The creator of the failed stablecoin that kicked off crypto winter is now a wanted man.
On Wednesday, a South Korean court issued an arrest warrant for Do Kwon, the co-founder of cryptocurrency company Terraform Labs, for allegedly violating capital markets law. According to Bloomberg, the arrest warrant includes five other individuals.
In May, Do Kwon’s algorithmic stablecoin Terra (UST) set off a domino effect that crashed the cryptocurrency market. UST, which is supposed to always be valued at $1 USD, fell from that pegged amount. Terra, at the time, was one of the biggest stablecoins in crypto with an $18 billion market capitalization. Many crypto users place their funds in stablecoins like Terra, due to their supposedly stable one-to-one valuation alongside the US dollar, unlike other risky cryptocurrencies that greatly fluctuate in value.
After crashing the crypto market, Terra returns with Luna 2.0. It’s already tanking again.
Attempts to correct the Terra valuation and peg it back to $1 fell short and UST’s value continued to tank until it became worth only pennies. Terra’s “sister” cryptocurrency, LUNA, which was once valued at more than $100 just earlier this year, quickly fell in price too, becoming essentially worthless at less than a penny per token. It didn’t take long for the reverberations to be felt across the crypto markets with most tokens taking a big hit in the following months. Crypto lending firms like Celsius and crypto hedge funds like Three Arrows Capital would soon face liquidity problems and, in some cases, bankruptcy as a result of the Terra/Luna crash.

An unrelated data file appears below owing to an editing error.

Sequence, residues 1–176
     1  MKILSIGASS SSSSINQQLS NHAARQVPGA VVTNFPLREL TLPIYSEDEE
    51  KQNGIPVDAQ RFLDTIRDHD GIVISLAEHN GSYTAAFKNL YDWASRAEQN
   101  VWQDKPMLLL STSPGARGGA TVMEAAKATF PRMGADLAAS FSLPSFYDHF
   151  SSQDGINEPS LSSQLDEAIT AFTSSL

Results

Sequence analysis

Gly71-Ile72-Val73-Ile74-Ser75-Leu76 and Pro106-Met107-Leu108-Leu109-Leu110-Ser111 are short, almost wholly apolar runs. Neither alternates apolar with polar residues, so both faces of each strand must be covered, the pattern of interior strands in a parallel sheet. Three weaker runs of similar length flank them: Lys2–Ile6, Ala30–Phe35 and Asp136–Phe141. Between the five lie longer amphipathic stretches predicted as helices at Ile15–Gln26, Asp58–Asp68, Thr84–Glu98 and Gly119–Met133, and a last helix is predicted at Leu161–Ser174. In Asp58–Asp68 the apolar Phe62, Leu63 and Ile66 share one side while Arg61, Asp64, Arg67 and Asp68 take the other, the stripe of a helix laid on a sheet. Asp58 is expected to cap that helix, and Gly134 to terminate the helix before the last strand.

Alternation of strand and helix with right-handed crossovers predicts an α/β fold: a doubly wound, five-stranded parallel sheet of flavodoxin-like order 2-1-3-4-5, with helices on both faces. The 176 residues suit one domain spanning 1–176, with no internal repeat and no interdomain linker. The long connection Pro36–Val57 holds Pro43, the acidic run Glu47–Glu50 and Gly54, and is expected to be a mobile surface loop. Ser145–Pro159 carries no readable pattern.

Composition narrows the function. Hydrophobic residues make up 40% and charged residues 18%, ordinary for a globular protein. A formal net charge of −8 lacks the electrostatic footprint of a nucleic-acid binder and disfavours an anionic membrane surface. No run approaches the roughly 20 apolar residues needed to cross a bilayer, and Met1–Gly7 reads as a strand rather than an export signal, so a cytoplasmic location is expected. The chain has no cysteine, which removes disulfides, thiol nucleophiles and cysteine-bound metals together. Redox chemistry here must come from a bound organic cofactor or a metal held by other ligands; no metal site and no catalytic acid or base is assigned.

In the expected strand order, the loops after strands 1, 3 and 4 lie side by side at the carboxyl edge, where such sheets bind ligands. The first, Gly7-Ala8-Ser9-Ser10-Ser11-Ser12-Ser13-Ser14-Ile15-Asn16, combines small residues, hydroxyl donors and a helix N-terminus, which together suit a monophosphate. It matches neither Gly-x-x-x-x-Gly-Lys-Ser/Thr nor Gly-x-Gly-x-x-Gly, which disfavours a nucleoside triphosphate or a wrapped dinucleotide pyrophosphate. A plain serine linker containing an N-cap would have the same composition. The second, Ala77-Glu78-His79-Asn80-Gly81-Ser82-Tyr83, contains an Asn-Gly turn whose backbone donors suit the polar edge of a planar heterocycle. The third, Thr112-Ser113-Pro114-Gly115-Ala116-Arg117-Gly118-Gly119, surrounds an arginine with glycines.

Do Kwon, in an attempt to course correct, soon re-launched Luna, but that attempt failed too. The crypto founder, who would regularly tweet and talk to crypto press, has been fairly silent on the issue since.
According to Bloomberg, Do Kwon’s partner, Terraform Labs co-founder Daniel Shin, was raided by prosecutors back in July as part of an investigation into the alleged violations. All six people named in the warrant, including Do Kwon, are currently located in Singapore. According to The Financial Times, authorities are seeking international cooperation in an effort to extradite Do Kwon, though the two countries do not have a bilateral extradition treaty.